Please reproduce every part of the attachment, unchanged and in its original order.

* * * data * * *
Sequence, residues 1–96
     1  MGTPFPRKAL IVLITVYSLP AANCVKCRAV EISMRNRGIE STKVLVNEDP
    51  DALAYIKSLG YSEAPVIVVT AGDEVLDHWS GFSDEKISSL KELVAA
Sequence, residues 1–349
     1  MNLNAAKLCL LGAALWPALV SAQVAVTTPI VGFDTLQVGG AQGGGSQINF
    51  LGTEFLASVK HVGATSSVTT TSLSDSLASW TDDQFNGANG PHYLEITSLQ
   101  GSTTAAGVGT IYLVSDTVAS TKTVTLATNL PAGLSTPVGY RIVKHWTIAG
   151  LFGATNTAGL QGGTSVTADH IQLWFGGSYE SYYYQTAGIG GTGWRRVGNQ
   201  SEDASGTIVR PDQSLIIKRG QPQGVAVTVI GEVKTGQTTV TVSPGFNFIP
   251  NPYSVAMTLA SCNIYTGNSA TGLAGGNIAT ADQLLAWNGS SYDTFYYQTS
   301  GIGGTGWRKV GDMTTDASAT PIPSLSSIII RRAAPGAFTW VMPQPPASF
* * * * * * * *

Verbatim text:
Sequence, residues 1–96
     1  MGTPFPRKAL IVLITVYSLP AANCVKCRAV EISMRNRGIE STKVLVNEDP
    51  DALAYIKSLG YSEAPVIVVT AGDEVLDHWS GFSDEKISSL KELVAA
Sequence, residues 1–349
     1  MNLNAAKLCL LGAALWPALV SAQVAVTTPI VGFDTLQVGG AQGGGSQINF
    51  LGTEFLASVK HVGATSSVTT TSLSDSLASW TDDQFNGANG PHYLEITSLQ
   101  GSTTAAGVGT IYLVSDTVAS TKTVTLATNL PAGLSTPVGY RIVKHWTIAG
   151  LFGATNTAGL QGGTSVTADH IQLWFGGSYE SYYYQTAGIG GTGWRRVGNQ
   201  SEDASGTIVR PDQSLIIKRG QPQGVAVTVI GEVKTGQTTV TVSPGFNFIP
   251  NPYSVAMTLA SCNIYTGNSA TGLAGGNIAT ADQLLAWNGS SYDTFYYQTS
   301  GIGGTGWRKV GDMTTDASAT PIPSLSSIII RRAAPGAFTW VMPQPPASF